Paula Peck....The Martha Stewart of days gone by
I found my copy at a local library book sale. The cover is well loved, but from what I understand, the recipes found in the book are also well loved. I haven't made anything from it yet, but I plan to.....soon.
I tried to find out more about Ms. Peck, but alas, not too much comes up in searching. The book apparently is a little too hard to find in it's original hardback form, but Amazon has listed a paperback version. (You can always click on the title of each blog entry to find where you can purchase a copy of the book...or the closest I can find.)
With recipes for puff paste and strudel, petits fours glaces and pound cakes - every sophisticated dessert and pastry the heart desires - Paula Peck introduces readers to the art of fine baking. For far too long The Art of Fine Baking has been out of print and unavailable. The Cook's Classic Library edition of this timeless classic belongs in the kitchen of every serious cook.
The book flap tells a little bit about her, but, in all honesty it just brings more questions of who she was.
"Paula Peck was born in New York, where she lives today (1961) with her husband, James, and young sons Sam and Charles. She has contributed recipes to, and had her pastries photographed for, The New York Times and Life, and has taught at the James Beard Cooking School, where she first shared with others her revolutionary ideas for home baking. Mr. Beard writes: "Her enthusiam for the work table and range is refreshing. Her way to combat fatigue and worry is to get into the kitchen and turn out a hundred or so croissants or two or three batches of puff paste with all embellisments. She is an outstanding juggler with rolling pin and mixing bowl, and the magic results fill her larder and freezer to overflowing. Her home is an oasis for hungry traveleers and guests, for there is always enough delectable food in her kitchen to serve a good-sized party."Whipped Cream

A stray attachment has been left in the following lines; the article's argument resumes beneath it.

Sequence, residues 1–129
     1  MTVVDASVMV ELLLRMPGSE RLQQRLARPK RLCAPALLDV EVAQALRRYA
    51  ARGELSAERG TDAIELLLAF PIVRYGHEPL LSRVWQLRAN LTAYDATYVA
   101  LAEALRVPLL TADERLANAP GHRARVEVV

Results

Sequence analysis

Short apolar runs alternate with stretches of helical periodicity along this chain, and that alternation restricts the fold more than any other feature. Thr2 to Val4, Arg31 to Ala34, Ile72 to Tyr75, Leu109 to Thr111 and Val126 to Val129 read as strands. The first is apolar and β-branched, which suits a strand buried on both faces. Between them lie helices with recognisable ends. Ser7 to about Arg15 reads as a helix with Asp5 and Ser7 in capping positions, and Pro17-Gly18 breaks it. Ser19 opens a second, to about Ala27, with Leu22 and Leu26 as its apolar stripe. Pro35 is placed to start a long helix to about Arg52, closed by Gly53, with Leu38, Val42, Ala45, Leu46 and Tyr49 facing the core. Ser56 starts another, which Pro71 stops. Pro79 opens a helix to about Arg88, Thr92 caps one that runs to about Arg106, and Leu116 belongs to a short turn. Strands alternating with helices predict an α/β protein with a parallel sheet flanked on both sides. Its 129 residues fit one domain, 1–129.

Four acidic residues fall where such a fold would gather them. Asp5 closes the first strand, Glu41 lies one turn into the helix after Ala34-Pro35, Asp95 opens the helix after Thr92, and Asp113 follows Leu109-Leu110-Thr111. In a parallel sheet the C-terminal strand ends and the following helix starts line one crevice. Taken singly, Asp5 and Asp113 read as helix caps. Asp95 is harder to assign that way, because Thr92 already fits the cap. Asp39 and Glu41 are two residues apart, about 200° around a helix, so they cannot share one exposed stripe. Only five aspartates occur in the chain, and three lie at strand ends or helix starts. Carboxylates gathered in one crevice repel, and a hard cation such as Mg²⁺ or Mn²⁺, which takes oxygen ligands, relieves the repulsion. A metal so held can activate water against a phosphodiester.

1 Cup Heavy cream
2 Tablespoon Fine granulated sugar
1 Teaspoon Vanilla
Cream for whipping should be at least 1 day old. It can be kept in the refrigerator in a sealed container for more than a week. Before being whipped it should be very cold. In hot weather the bowl and beater should also be chilled.
Using a well chilled bowl, or setting the bowl over ice, beat cream with an electric mixer or rotary egg beater. As cream begins to thicken, beat in sugar and vanilla. Continue beating until stiff.
If not to be served at once, place in refrigerator, where it may be kept 2-3 hours.
The Yield From A Cup of Cream Can Be Increased (with a very slight difference in texture) by adding 1 egg white to each cup of whipped and flavored cream. Beat the egg white until it holds soft peaks. Sprinkle in 1 1/2 tablespoon granulated sugar. Continue beating til very stiff. Fold into whipped cream.
To Prepare Whipped Cream A Day or Two Ahead of Time: Soften 1/2 teaspoon granulated gelatin (for each cup of cream to be whipped) in a small metal cup containing a tablespoon of cold water. Set cup in a pan of boiling water or over low heat, until gelatin dissolves and looks clear. Stirring is unneccessary.
Beat dissolved gelatin into the cream just as cream begins to thicken. Gelatin will also give whipped cream extra firmness so it can be used for decorating with a pastry bag.
Flavoring Whipped Cream: To each cup of whipped cream, 1 of the following flavorings can be added: 2 tb sifted dark, unsweetened cocoa, 2-4 tb rum, cognac, or any liquer, 1/2 c nougat powder, 1 ts instant coffee powder. Fold flavorings into cream AFTER it has been whipped.